The New England Town Meeting: Democracy in Action

By Joseph F. Zimmerman | Go to book overview

Chapter 8

The Rhode Island Financial Town Meeting

Rhode Island, in common with Connecticut, was settled by people who migrated from the Massachusetts Bay Colony in the 1630s and founded the towns of Newport, Portsmouth, Providence, and Warwick. The Rhode Island settlers differed from the Connecticut settlers in that the former were dissenters, and the latter were Puritan zealots. 1 This difference accounts for the centralization of political powers in the early Connecticut General Court in contrast to the retention of significant powers by the four towns that formed the colony of Rhode Island in 1643.

The first permanent European settler of Rhode Island was Episcopal preacher William Blackstone, who lived the life of a hermit and did not contribute to the settlement of a town. 2 The founder of Rhode Island was Roger Williams, a friend of Governor John Winthrop of the Massachusetts Bay Colony. A theologian, Williams declined the offer of a pastorage of the church in Boston on the grounds the Boston Church had not separated itself from the Church of England but accepted an offer from the church in Salem. 3 Soon thereafter he became the assistant to Pastor Ralph Smith of the church in Plymouth, which was Separatist.

Williams challenged the covenant theology of the Massachusetts Bay Colony and maintained, among other things, that the settlers did not rightly own their lands because they had not purchased them from the Indians. Williams held a different interpretation of the Bible than the one held by the Puritans with specific reference to Christ’s incarnation and was convinced ‘‘that Christ had set forth new laws of worship which had stripped judges, kings, and civic magistrates of their right to enforce the first’’ four commandments. 4 In October 1635, the General Court issued a decree of banishment against Williams and ordered that he be returned to England. 5 Pleading that he was too ill to travel to England, Williams moved to the area of Rehoboth but was ordered by Governor Winslow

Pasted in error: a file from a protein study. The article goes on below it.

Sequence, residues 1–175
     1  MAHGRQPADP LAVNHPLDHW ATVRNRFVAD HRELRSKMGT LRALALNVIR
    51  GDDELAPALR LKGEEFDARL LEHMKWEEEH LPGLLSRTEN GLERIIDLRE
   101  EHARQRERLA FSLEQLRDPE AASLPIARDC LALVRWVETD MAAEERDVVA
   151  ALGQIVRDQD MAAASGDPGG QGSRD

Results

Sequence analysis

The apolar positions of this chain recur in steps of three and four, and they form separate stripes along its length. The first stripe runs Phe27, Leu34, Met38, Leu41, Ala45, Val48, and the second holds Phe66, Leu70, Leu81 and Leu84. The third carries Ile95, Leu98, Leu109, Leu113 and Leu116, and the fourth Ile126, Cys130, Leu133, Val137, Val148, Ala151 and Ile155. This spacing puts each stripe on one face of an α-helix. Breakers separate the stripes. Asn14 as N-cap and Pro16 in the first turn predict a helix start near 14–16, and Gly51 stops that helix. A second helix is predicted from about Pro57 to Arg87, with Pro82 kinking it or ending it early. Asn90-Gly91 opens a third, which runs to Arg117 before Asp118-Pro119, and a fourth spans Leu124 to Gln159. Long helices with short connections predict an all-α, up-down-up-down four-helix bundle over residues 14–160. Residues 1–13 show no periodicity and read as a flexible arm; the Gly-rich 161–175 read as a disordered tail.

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The New England Town Meeting: Democracy in Action
Table of contents

Table of contents

  • Title Page iii
  • Contents vii
  • Tables and Figures ix
  • Preface xi
  • Acknowledgments xiii
  • Chapter 1 - Law-Making by Assembled Citizens 1
  • Chapter 2 - Genesis of the Town Meeting 15
  • Chapter 3 - The Massachusetts Open Town Meeting 27
  • Chapter 4 - The New Hampshire Open Town Meeting 59
  • Chapter 5 - The Vermont Open Town Meeting 83
  • Chapter 6 - The Maine Open Town Meeting 103
  • Chapter 7 - The Connecticut Open Town Meeting 117
  • Chapter 8 - The Rhode Island Financial Town Meeting 129
  • Chapter 9 - The Representative Town Meeting 139
  • Chapter 10 - Democratic Law-Making 163
  • Appendix I 195
  • Appendix II 197
  • Appendix III 199
  • Appendix IV 207
  • Bibliography 213
  • Index 229
  • About the Author 233
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